In June 2012, a 60-foot vessel packed with foreigners landed on the shore of Newport, Oregon. Officials from several agencies quickly came up with a plan to deal with the invaders before they caused more damage.
The vessel: a floating dock that had broken from Japanese coastline during the March 2011 tsunami. The stowaways: several tons of organisms that had survived the voyage across the Pacific.
Marine scientists identified dozens of species not native to the U.S. coast, including North Pacific sea stars, Japanese shore crabs and brown algae called Undaria pinnatifida, orwakame – delicious in miso soup, disastrous in habitats like Monterey Bay.
The dock in Oregon was just the beginning of what would become a stream of Japanese tsunami debris arriving on the U.S. West Coast.
“We were anticipating the arrival of this material,” says Jonathan Geller, a faculty member at Moss Landing Marine Laboratories. “We want a DNA sequence on all these organisms so we can monitor the environment here.”
Geller and his collaborators landed a National Science Foundation grant to study the “biofouling.” Tsunami debris reported by beach-walking citizen scientists includes boats, lumber and two more floating docks. (A fourth is still at sea.)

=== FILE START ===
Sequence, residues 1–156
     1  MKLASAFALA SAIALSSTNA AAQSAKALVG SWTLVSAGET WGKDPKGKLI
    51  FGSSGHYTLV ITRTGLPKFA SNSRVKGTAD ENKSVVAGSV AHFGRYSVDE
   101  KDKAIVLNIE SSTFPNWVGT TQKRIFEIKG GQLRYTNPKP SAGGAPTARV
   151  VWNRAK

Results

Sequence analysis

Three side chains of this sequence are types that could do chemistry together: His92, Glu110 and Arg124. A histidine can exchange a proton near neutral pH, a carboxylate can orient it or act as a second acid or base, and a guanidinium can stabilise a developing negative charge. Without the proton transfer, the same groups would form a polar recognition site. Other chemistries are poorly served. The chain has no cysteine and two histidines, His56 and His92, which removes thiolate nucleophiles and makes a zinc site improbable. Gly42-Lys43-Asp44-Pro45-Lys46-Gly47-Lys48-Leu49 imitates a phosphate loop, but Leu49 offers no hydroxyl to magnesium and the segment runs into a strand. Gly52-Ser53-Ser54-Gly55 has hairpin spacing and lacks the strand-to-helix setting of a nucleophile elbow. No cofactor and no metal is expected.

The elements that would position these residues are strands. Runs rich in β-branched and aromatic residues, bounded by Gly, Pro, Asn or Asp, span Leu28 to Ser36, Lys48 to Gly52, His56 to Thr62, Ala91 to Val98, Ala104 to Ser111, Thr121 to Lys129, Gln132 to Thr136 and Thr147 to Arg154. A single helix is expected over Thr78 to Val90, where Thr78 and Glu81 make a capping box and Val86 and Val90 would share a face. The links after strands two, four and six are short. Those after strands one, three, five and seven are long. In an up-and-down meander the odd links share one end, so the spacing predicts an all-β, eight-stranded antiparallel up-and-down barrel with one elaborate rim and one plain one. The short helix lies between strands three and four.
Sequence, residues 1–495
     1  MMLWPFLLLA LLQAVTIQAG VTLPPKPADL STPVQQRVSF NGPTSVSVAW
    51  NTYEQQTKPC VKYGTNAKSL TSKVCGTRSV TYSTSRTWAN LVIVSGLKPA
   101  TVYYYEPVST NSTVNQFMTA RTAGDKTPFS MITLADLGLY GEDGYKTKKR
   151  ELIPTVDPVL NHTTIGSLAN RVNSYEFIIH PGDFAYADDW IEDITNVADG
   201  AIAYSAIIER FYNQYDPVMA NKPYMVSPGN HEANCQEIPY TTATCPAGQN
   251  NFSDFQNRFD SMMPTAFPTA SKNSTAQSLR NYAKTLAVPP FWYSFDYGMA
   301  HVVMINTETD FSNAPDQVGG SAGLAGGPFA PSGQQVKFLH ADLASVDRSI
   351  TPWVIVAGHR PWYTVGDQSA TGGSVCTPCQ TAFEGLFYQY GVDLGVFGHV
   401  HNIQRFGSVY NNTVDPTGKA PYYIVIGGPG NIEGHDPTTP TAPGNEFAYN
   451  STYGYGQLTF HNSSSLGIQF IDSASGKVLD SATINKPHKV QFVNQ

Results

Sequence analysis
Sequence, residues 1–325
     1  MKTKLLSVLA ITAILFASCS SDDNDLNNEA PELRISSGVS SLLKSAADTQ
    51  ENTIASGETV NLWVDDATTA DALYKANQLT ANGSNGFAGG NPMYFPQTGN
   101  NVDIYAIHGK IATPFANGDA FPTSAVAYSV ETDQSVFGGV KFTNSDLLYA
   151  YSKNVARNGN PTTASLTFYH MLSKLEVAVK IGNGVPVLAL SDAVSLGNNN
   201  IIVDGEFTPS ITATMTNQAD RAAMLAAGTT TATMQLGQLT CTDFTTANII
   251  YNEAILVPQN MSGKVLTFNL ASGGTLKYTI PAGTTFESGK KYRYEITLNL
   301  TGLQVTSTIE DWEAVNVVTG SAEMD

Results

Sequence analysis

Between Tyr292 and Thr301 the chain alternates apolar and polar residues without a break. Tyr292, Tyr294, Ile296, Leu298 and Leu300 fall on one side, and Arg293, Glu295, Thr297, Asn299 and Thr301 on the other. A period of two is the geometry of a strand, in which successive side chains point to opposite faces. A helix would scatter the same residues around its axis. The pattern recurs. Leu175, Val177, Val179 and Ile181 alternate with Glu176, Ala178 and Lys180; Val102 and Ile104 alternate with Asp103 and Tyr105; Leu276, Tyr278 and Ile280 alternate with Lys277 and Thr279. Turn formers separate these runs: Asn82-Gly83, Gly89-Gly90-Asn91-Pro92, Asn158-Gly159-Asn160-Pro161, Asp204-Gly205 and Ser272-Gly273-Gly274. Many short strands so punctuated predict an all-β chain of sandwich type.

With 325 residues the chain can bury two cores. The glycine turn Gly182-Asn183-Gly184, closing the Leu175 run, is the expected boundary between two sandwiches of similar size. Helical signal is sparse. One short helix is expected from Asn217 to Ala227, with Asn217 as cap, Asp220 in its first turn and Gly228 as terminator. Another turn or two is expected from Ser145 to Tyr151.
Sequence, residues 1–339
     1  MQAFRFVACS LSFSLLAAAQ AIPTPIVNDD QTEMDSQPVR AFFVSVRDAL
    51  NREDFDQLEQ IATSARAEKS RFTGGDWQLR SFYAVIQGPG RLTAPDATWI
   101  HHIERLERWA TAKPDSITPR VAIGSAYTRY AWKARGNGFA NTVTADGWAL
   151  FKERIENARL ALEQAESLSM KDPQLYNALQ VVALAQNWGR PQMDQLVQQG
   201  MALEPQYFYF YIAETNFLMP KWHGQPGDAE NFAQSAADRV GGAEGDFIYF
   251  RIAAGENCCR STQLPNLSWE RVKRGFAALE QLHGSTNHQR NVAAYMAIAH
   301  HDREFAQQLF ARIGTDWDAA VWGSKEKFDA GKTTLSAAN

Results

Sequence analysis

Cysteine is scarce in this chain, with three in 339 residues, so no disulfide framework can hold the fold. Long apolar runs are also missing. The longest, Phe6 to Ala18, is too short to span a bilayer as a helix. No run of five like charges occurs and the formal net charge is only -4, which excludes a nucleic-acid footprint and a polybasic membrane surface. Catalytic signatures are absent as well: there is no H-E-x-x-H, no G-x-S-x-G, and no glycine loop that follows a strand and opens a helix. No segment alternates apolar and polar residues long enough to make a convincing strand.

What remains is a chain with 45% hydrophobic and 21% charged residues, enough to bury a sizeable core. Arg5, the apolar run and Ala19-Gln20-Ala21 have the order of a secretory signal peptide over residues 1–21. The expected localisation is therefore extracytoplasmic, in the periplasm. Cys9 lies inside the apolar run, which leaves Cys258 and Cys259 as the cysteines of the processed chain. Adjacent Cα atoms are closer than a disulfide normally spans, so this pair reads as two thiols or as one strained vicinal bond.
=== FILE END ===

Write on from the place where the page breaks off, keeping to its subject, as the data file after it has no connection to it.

Most of the stuff is washing up in Oregon and north, Geller says, but the team is looking in California, too.
Geller says he didn’t expect so many creatures to survive the trans-Pacific voyage through the nutrient-poor high seas. But the biota covering tsunami debris often comprise mini food webs, so creatures like crabs, mussels and snails have enough to eat onboard.
“These are little dynamic communities,” he says.
Invasive marine species can harm native species by eating them, disrupting their food supplies or introducing parasites and pathogens. They can hitch rides on things like cargo ships and plastic garbage. But Geller says the difference, when it comes to tsunami debris, is the scale.
Study lead James Carlton, a professor of marine science at Williams College, says his team has counted more than 250 species on the debris set loose from Japan almost four years ago.
“Millions of items were ejected into the North Pacific from a known area at the same time,” he says. “It’s been a really interesting and extremely rare [research] opportunity.”
The next step, Carlton says, is to monitor the U.S. West Coast to see if any of the invaders are establishing a toehold here – giving marine scientists a distinct advantage in what is often an uphill battle.